Thursday, October 18, 2007
Heimov Named Executive Director of Children’s Law Center
By KENNETH OFGANG, Staff Writer
The Children’s Law Center of Los Angeles has chosen Leslie Starr Heimov as its executive director, the organization said yesterday.
“Leslie has demonstrated exceptional leadership skills and a deep commitment to an open and collaborative style of management,” attorney Edward P. Lazarus, who chairs the CLC board, said in a statement. “The Board is confident that she is the right person to lead CLC’s efforts to serve the tens of thousands of children that CLC represents and to enhance the rights of all dependent youth.”
Heimov was the organization’s policy director and one of four persons serving as co-executive directors after Miriam Krinsky resigned last year.
Krinsky resigned Dec. 15, saying she could no longer run day-to-day operations while concentrating on CLC’s “policy and reform agenda.” She was reassigned to external activities such as lobbying and fundraising, Lazarus said at the time.
The nonprofit agency represents most of the children in Los Angeles Superior Court dependency cases, more than 24,000 by CLC’s count. It became embroiled in controversy as Krinsky implemented a restructuring that upset many of the attorneys, as well as some judicial officers.
CLC, formerly Dependency Court Legal Services, has traditionally operated with three independent legal units, each functioning as a separate law firm, enabling them to represent clients with potentially or actually conflicting interests.
As originally envisioned, the restructuring would have phased out the second and third units, eventually leaving a single, core law firm and necessitating that cases involving actual conflicts be referred to outside attorneys.
This led to charges by some of the firm’s lawyers that client’s rights were being sabotaged. The former heads of the two secondary units filed suit, claiming they were fired by Krinsky for opposing the consolidation
Those suits were settled earlier this year.
Heimov explained yesterday that decisions were made earlier this year to leave the second and third units in place. There are now 66 “case-carrying attorneys” in the core unit, and 15 in each of the other two units, and vacancies in all units can be filled, so that the two secondary units are no longer in danger of being eliminated through attrition, the new director explained.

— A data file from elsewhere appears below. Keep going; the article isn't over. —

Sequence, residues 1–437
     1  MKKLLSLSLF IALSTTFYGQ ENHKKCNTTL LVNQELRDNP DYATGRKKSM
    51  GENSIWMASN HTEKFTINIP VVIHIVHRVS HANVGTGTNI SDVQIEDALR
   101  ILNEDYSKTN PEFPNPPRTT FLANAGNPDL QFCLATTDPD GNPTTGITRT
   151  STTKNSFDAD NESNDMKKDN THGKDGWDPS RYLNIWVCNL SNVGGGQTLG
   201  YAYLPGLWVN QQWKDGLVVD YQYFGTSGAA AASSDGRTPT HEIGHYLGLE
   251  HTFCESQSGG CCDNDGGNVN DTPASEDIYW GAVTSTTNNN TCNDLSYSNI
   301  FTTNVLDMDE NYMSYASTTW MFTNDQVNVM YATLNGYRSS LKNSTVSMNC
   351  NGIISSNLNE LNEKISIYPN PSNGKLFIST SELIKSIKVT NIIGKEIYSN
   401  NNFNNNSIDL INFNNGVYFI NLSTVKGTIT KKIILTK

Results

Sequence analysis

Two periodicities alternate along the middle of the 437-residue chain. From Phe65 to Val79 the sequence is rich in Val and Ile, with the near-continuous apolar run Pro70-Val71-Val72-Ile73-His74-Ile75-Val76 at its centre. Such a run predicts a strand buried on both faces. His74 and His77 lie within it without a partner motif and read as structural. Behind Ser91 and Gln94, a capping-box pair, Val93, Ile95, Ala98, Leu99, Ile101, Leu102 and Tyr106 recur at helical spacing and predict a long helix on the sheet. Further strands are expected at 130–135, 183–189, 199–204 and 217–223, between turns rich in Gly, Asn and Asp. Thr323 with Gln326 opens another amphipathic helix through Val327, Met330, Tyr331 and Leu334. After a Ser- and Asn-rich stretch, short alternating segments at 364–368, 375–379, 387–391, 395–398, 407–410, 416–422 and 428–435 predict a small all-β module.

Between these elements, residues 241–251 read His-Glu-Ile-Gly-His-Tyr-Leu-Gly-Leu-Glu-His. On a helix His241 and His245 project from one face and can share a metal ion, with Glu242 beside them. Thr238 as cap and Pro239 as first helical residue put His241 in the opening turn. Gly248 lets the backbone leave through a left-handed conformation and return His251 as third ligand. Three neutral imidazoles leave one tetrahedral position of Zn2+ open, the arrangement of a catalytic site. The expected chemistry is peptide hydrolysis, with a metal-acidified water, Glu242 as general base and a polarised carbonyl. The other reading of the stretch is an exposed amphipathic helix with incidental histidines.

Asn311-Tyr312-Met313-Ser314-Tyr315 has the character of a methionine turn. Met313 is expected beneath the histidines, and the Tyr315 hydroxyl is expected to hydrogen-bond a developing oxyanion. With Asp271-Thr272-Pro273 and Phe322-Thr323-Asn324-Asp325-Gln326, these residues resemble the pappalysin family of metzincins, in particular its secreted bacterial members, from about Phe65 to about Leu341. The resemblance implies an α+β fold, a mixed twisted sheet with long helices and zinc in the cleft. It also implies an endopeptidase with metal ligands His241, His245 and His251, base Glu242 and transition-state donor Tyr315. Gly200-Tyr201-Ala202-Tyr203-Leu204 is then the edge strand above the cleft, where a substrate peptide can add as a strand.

There are no plans to change that system, Heimov said, absent a “dramatic” increase of decrease in the caseload.
The feedback she has been receiving from the court’s judicial officers, she said, is that “they are pleased that there is no drama” within CLC but frustrated by staff turnover. She acknowledged that “we have new and younger lawyers,” but said that they are enthusiastic about representing children and will improve with experience.
“This isn’t kiddie law,” she told the MetNews, but is a “complicated area” that the attorneys will have to master over time. She added that CLC’s pay structure allows it to bring in higher-paid starting attorneys with practice experience, albeit outside the dependency area.
What excites her, she said, is that the attorneys “are talking about kids and cases and families,” and not about CLC’s internal problems.
Heimov joined the organization in 1992, serving as a staff attorney and later supervising attorney. She later served as special projects director, responsible for CLC’s legislative and policy agenda.
She also served as project director of the Home At Last initiative funded by The Pew Charitable Trusts, chaired a countywide Task Force on Pregnant and Parenting Teens, and helped found the Task Force to End Homophobia in Foster Care.
A certified specialist in child welfare law, Heimov serves on the Board of Directors of the National Association of Counsel for Children and on the National Advisory Board of the Children’s Law Office Project and is a trials skills instructor for the National Institute of Trial Advocacy.
Copyright 2007, Metropolitan News Company